What Is a Radiologic Technologist?
A radiologic technologist is someone who performs analytic examinations such as X-rays, magnetic resonance imaging, and computed tomography. There are a few radiologic technologists, who have been previously called radiographers, produce X-ray films of particular areas of the human body for the purpose of diagnosing medical problems.
Radiologic technologists get patients ready for an examination by detailing the procedure, asking patients to take off anything they have on that x rays can’t pass, such as jewelry, and then they ensure that every patient is positioned perfectly so that they can be radiographed. In order to avoid any unnecessary contact to radiation, radiologic technologists cover any exposed areas with these devices that are specifically designed to protect individuals from radiation. These are generally lead shields that can easily be placed on and off patients.
Radiologic technologists are instructed to specifically follow every physician’s orders exactly as told and to follow the regulations regarding the use of radiation to protect themselves from all unnecessary exposure.
How to Become a Radiologic Technologist
A nice aspect of this career is that there is more than one way to break into this profession as it is profession offered in hospitals or colleges and universities. However, when it comes to the education and training you will need before you can apply to such a position, you will need to follow every step.
You will be required to have obtained at least a bachelor’s degree to go along with certification – which can be earned by enrolling in a specialized program that runs between 21 and 24 months long. All relevant programs related to this career offer both classroom and clinical teaching in anatomy and physiology, procedures regarding patient care, the physics and protection of radiation. Further education on medical terminology and positioning of patients also takes place.
Those in high school who have an interest in radiologic technology are recommended take as many courses in mathematics, physics, chemistry, and biology as they can to begin preparing early on for the information they will learn later.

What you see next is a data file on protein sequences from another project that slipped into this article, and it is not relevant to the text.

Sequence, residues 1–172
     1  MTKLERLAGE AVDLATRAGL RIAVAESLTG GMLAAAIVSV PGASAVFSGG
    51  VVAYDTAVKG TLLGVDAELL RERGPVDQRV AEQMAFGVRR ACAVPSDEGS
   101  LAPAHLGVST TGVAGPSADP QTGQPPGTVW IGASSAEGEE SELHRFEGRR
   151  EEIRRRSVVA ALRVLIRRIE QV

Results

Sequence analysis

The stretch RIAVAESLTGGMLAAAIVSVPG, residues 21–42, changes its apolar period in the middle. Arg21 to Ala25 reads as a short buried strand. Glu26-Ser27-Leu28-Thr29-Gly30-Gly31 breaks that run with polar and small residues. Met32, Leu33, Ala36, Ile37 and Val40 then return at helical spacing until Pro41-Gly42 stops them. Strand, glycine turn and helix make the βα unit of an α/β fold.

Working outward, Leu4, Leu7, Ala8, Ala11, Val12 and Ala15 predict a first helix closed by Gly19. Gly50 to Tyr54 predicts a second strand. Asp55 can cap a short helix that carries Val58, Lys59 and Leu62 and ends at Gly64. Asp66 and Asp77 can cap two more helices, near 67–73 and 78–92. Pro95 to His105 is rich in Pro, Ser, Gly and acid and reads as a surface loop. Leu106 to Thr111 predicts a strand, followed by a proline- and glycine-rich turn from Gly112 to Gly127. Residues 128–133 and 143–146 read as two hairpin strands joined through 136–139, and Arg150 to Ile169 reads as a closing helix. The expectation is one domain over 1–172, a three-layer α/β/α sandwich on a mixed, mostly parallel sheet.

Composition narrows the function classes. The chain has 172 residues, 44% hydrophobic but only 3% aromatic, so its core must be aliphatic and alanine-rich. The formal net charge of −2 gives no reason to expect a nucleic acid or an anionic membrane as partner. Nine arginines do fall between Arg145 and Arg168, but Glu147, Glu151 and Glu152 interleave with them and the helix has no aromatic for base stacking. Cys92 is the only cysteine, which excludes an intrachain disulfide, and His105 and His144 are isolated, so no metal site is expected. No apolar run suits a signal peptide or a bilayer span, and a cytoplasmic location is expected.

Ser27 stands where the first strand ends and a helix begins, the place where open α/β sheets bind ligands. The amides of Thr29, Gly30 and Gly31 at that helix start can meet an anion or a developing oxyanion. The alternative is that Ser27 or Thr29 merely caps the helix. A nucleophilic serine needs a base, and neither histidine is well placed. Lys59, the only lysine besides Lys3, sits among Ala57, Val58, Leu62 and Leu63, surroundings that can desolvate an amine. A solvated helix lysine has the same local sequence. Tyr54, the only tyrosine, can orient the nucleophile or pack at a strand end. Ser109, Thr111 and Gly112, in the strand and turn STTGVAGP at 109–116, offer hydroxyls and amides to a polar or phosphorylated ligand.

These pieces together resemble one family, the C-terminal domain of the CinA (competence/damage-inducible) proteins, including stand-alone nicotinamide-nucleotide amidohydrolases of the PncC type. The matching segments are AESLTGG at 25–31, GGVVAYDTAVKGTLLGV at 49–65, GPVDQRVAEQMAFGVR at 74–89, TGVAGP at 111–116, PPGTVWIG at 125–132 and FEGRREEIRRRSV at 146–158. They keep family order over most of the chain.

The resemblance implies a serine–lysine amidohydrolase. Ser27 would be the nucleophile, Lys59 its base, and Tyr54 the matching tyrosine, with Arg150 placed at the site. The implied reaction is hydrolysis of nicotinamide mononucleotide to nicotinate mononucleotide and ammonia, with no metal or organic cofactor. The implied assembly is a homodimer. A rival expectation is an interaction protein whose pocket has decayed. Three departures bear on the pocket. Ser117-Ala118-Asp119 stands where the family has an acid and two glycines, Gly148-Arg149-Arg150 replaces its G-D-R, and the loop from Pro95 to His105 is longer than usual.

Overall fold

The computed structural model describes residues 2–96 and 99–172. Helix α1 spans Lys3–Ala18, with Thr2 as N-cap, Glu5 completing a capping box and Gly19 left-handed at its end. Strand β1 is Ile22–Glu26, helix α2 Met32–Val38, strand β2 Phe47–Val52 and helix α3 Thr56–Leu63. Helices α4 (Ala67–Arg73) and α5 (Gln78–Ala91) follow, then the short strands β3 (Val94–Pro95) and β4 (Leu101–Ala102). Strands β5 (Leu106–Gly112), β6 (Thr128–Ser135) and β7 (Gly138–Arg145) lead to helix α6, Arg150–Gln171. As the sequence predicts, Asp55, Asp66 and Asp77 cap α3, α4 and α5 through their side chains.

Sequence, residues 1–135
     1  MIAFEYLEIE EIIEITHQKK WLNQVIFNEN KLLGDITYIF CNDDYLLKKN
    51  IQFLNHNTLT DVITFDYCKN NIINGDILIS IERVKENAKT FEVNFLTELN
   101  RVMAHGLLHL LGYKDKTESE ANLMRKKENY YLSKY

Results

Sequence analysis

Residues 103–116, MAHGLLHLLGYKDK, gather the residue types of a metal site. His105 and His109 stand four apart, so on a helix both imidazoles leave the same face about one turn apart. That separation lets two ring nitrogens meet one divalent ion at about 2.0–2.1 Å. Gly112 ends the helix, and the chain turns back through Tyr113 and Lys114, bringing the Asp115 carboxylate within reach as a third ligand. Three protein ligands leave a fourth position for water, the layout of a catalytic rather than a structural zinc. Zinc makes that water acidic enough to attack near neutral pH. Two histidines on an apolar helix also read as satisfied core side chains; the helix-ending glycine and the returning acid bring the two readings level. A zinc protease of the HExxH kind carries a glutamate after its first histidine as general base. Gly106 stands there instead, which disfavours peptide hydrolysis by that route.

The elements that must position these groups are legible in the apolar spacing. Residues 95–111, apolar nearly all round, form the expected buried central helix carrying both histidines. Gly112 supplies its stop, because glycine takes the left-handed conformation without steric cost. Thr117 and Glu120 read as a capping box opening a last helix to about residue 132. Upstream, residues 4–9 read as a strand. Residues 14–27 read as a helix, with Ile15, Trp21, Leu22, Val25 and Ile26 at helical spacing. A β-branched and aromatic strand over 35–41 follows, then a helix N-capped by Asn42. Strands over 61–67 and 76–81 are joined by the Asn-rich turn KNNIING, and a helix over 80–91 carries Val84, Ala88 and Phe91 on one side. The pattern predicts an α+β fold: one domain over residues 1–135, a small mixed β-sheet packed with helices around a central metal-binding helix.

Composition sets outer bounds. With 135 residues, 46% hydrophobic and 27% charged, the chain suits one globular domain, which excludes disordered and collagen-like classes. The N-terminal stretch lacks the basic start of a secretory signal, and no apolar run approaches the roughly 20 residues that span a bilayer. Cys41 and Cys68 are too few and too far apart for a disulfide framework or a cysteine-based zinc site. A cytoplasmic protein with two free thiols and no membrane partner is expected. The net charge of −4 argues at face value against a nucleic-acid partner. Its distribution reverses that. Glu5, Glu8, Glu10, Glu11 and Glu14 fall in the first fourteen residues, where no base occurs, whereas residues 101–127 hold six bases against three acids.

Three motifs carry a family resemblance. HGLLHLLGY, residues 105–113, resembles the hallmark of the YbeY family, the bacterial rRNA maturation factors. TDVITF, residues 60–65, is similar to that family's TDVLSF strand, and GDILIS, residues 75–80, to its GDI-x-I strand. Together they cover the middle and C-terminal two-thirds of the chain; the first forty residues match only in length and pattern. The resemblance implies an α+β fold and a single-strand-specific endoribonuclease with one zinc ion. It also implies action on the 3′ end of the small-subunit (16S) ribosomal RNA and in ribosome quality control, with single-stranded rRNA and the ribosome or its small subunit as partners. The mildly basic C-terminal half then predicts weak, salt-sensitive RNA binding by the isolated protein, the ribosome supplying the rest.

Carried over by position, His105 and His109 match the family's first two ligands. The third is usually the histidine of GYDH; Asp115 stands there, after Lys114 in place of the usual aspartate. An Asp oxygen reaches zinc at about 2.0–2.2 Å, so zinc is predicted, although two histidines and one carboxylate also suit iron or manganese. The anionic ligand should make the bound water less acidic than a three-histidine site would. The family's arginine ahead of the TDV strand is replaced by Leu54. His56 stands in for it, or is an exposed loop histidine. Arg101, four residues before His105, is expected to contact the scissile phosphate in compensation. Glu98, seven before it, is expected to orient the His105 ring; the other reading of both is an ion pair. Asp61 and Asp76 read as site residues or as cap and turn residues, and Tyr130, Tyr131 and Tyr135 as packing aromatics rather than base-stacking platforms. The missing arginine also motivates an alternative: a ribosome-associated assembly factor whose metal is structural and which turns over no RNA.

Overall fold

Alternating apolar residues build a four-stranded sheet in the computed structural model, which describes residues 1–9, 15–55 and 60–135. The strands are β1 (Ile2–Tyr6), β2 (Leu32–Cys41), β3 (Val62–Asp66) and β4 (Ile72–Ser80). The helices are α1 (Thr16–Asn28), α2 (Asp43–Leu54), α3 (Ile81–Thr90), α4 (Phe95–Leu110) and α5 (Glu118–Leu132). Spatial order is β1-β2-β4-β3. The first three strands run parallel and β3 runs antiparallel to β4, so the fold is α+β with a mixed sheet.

Radiologic Technologist Career Outlook & Salary
According to the Bureau of Labor Statistics, in 2008 radiologic technologists held about 214,700. Of that number, a little over 60% of all jobs were in hospitals. Many of the other jobs were in offices of physicians – medical and diagnostic laboratories.
Employment of radiologic technologists is expected to grow faster than average. However, for those who have knowledge of more than one diagnostic imaging procedure are projected to have the best employment opportunities. Employment of radiologic technologists is expected to increase by about 17% from 2008 to 2018 – this is faster than the average for all occupations. And as the population grows and ages, there will be a growing demand for diagnostic imaging.
While hospitals are going to continue to remain the principal employer of radiologic technologists, a set of new jobs can be found in offices of physicians and diagnostic imaging centers. As technology continues to advance, many imaging modalities are slowly becoming more affordable and more practical to have in a physician’s office.